Archive for the ‘italy retractions’ Category
Eleven scientists are asking a journal to consider retracting an asbestos paper with industry ties for including “seriously misleading information,” “several wrong statements,” and thrice citing a journal that doesn’t appear to exist.
Editors of the journal, Epidemiology Biostatistics and Public Health, however, say they will not retract the article, based on the advice of two external reviewers.
An earlier correction for the paper, “Further Studies of Bolivian Crocidolite – Part IV: Fibre Width, Fibre Drift and their relation to Mesothelioma Induction: Preliminary Findings,” cited previously undisclosed competing interests for four of the paper’s five authors.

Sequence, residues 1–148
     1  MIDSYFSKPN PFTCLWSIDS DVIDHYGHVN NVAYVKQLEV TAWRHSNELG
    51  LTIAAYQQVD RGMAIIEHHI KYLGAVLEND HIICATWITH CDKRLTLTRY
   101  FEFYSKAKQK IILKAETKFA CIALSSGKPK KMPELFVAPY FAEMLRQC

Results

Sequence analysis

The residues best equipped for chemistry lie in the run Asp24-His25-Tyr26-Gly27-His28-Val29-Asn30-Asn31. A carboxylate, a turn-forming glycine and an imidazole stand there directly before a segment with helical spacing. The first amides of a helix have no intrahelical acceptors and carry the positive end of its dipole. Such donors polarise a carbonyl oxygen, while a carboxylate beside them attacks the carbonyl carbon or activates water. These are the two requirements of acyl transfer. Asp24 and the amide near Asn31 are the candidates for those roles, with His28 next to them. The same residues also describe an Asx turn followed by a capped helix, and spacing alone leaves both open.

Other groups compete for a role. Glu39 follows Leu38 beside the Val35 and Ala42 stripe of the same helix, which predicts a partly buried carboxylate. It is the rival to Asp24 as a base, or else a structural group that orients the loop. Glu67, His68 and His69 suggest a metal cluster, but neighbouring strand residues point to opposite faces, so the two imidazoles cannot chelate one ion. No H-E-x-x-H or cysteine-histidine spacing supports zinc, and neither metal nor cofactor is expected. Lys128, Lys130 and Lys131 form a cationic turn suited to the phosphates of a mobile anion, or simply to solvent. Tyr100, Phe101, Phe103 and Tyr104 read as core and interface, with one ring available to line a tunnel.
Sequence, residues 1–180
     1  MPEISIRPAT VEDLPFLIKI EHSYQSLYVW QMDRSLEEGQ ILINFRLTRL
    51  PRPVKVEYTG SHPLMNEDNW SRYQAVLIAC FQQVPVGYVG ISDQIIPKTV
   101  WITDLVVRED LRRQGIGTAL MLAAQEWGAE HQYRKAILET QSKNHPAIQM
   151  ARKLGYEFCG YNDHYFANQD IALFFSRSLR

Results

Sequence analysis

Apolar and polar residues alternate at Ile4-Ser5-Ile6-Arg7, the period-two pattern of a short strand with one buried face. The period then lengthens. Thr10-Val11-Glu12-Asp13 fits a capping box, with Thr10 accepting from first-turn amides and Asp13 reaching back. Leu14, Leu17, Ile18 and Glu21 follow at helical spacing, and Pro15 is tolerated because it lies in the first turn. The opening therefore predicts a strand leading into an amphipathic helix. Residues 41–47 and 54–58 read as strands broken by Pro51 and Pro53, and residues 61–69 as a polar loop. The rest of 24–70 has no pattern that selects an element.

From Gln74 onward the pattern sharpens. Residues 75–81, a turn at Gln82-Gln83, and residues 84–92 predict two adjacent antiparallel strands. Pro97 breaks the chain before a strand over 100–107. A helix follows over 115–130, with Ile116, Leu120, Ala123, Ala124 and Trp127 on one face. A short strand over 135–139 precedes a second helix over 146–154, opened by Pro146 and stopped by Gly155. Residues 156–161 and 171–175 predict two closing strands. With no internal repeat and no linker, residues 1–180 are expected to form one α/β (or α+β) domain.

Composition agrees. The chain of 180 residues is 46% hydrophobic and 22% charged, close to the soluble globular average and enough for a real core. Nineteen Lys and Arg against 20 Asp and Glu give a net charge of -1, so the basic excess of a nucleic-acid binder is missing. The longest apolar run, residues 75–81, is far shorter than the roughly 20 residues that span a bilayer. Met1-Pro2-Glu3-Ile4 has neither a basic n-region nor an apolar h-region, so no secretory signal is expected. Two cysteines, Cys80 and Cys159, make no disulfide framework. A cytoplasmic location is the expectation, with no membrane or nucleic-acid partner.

Earlier this year, scientists criticized “gross mistakes” in another paper from three of the same authors: Edward Ilgren, Yumi Kamiya, and John Hoskins. EBPH subsequently issued two corrections but did not retract that paper. Read our full coverage here. Read the rest of this entry »
There’s something strange about a 2008 paper on the role of nicotine receptors in promoting lung cancer: One of the western blot analyses looks like a version of an image from a commercial catalog.
A commenter on PubPeer pointed out the similarities between an image in “Role of α7-nicotinic acetylcholine receptor in human non-small cell lung cancer proliferation,” which was published in Cell Proliferation, and one used to promote an enzyme sold by Cell Signaling Technology.